After the parade we went to see Cave-in-Rock where Jimmy Stewart acted in the film, “How the West Was Won.”

Just for shits and giggles, the motel we stayed in was run by a fairly eccentric old man who claimed to be subsiding strictly on Social Security disability and that the motel was kept open as a hobby to pass the time. The place was better than the one Kurt and I had in Booneville—but not much better. At least the room Hugh and I stayed in was better. Kurt said his sucked worse.

Crashed at 820 PM.

JUNE 29: EARTH, WIND, AND FIRE WE’RE NOT!

 
Lady Luck was with us again last night. It rained but we didn’t care. We were safely snuggled indoors. The A/C in the room ice over as the compressor never shut off. I think the melting ice would not have left a pretty picture on the floor but there was no way to chip it off the cooling fins.

Got 50 yards down the road and Hugh blew a tire (or at least his bike did. J )

Having slept like a rock, we left at 6 and rode into Elizabethtown for breakfast. What a cool little town! Right on the river, quiet, peaceful, rustic. Ate at Lee and Louise’s Town and Country Restaurant. Nice place. Worth eating at.

Fortunately there was plenty of cloud cover all morning and it made riding so much more a pleasure. We were warned there was a steep hill 9 miles out of town but when we got to it, it proved to be no big deal and we cruised right up it. The problems, though, began when we got on Eddyville Road towards Eddyville. Had to climb six or seven miles of grades some of which were in the 8% grade range.

Suicidal frogs littered the roadway with one even offering his body to Dennis’ spokes. Tried to jump through. Didn’t make it. PING! Bye Bye Froggie!

When in Eddyville we oinked on turkey sandwiches and gatorades at a convenience store with a sandwich bar. Then we went to a local town fair and had a pork BBQ sandwich. YUMMY!

In case the maps still are not changed by the time you read this, note that Simpson Lane is now called Gilead Church Rd.

Zipping along from one top of hill to the bottom I got up to 41 MPH but within seconds was back down to 3 MPH trying to climb the other side. The Lord Giveth and He Taketh Away. Eventually made it to Goreville and had some cherry pie.

We discussed the merits of going to Fern Clyffe since it was three miles back the way we came and unanimously decided we were not for that. We expected Dick to spend the night there, which he did. Kurt was nowhere to be found. I think he tried taking a shortcut to Eddyville and may have been surprised by the climb involved. So we pressed on to a campground 15 miles away. Fern Clyffe is supposed to be very pretty what with tens of thousands of different ferns growing there but I was in no mood to camp among ferns. Once we made it to the area with Devil’s Kitchen Lake and Little Grassy Lake with their campgrounds the decision to go to Carbondale was an easy one. We were not tired and the roads looked good. Sure went through some beautiful countryside and even had tail winds. We ended the day around 530 PM quite fatigued.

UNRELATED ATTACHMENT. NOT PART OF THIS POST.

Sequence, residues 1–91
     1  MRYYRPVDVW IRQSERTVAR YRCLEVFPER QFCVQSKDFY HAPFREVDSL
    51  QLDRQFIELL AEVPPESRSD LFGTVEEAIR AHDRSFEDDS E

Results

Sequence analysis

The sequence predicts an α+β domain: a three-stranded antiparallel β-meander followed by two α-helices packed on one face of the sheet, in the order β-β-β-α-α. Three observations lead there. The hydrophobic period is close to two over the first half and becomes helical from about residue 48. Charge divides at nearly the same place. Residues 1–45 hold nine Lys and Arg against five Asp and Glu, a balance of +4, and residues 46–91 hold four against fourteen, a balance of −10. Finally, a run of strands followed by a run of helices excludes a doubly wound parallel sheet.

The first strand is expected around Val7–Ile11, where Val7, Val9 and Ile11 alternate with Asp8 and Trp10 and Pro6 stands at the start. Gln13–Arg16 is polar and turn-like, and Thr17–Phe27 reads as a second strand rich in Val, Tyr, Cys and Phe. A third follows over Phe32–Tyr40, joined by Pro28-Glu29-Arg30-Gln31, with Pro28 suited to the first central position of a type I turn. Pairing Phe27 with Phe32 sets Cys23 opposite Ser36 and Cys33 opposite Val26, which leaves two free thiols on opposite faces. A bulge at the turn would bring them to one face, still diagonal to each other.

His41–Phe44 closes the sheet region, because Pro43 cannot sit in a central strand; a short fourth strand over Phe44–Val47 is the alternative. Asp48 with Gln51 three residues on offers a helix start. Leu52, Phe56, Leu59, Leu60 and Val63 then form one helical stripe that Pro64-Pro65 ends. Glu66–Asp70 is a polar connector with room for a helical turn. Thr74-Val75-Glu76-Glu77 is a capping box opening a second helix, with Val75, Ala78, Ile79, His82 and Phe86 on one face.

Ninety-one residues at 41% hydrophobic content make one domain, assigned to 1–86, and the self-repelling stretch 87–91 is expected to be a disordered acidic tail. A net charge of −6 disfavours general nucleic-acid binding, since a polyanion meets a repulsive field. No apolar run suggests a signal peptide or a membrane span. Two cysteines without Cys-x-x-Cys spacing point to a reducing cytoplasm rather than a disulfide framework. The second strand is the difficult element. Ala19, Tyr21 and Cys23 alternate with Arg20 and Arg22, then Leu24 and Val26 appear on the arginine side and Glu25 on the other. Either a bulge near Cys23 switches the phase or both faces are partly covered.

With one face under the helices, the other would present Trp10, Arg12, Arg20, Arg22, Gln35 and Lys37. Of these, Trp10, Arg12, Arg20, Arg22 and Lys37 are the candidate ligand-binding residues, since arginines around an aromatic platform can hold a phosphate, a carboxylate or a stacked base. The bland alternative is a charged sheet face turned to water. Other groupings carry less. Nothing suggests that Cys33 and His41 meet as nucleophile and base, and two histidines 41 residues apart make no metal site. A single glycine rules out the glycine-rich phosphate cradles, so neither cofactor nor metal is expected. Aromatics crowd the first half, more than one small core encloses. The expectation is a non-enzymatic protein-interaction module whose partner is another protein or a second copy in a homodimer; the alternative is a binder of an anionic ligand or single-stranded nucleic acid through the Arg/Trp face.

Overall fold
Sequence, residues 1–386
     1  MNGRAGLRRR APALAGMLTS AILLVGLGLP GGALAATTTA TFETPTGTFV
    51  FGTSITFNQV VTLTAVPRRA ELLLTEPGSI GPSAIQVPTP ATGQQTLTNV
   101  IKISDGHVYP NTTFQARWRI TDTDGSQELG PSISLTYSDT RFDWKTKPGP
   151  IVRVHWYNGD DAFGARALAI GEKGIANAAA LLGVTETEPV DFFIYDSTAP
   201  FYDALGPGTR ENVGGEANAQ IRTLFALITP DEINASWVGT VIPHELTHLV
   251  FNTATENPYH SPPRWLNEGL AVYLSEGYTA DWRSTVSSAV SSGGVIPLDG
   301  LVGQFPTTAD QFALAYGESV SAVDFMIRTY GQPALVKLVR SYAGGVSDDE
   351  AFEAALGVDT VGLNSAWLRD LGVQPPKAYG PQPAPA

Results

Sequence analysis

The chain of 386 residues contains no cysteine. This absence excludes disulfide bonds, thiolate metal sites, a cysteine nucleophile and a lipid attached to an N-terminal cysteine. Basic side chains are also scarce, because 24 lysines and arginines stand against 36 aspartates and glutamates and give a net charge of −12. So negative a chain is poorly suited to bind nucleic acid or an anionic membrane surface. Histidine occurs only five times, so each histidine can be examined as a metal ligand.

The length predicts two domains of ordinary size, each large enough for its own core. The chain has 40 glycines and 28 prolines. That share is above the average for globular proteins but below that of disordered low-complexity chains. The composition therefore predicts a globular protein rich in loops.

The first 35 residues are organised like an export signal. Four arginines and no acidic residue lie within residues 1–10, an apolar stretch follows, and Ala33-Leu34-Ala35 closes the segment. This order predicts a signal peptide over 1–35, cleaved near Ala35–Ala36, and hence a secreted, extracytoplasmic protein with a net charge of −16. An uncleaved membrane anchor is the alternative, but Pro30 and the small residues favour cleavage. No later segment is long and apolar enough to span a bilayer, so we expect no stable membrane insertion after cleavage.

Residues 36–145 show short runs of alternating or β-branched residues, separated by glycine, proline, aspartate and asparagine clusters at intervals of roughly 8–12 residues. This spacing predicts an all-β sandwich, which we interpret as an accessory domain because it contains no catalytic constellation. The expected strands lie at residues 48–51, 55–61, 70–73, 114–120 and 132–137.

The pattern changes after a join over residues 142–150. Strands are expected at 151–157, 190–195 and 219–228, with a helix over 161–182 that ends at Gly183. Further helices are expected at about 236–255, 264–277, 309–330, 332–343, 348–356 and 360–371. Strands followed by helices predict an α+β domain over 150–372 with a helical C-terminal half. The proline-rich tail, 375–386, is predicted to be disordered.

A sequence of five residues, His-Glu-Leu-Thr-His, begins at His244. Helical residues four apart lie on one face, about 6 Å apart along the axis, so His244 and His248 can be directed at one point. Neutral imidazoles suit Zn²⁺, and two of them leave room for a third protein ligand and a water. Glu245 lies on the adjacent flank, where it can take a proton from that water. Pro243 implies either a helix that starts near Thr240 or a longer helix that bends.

Met Mark Robinson and his wife, Rachel. He’s the Bike Surgeon. Bike shop in front, limo service in back. All of us showered and then BS’d for quite a bit. Then one of us asked Mark where we could find a trough to tie the bag on (maybe I’m not supposed to advertise this or maybe Mark was in an expansive mood but….we’d heard from another cyclist who had stayed at Mark’s place that Mark took him to dinner in one of his limos. We were fully prepared to ride to a restaurant but going to dinner in a limo, now THAT’S the way to do it.)

So Mark offered to take us to the Ponderosa Steak House. In the limo! YESSS! It was so cool to be chauffeured around. Merle, Hugh, Dennis, Matt, Eric, and myself went in the back. Rachel and Mark in front. Tooling along, this other car pulls up next to Mark and the passenger, a Black lady, asks if she can get a ride. Mark tells her he’s got folks in the car now and can’t. They chit chat for a few seconds (she keeps looking at our windows to see if, in fact, anyone is back there) when Mark tells her that he could not take her around right now even if she paid because he had “Earth, Wind, and Fire” in the back. You should have seen her eyes light up! “Earth, Wind, and Fire?” she yells. “Yes”, said Mark. And we took off. In the back Dennis, Matt, Eric, and I are cracking up. Hugh never heard of them and I do not think Merle had either. What a hoot!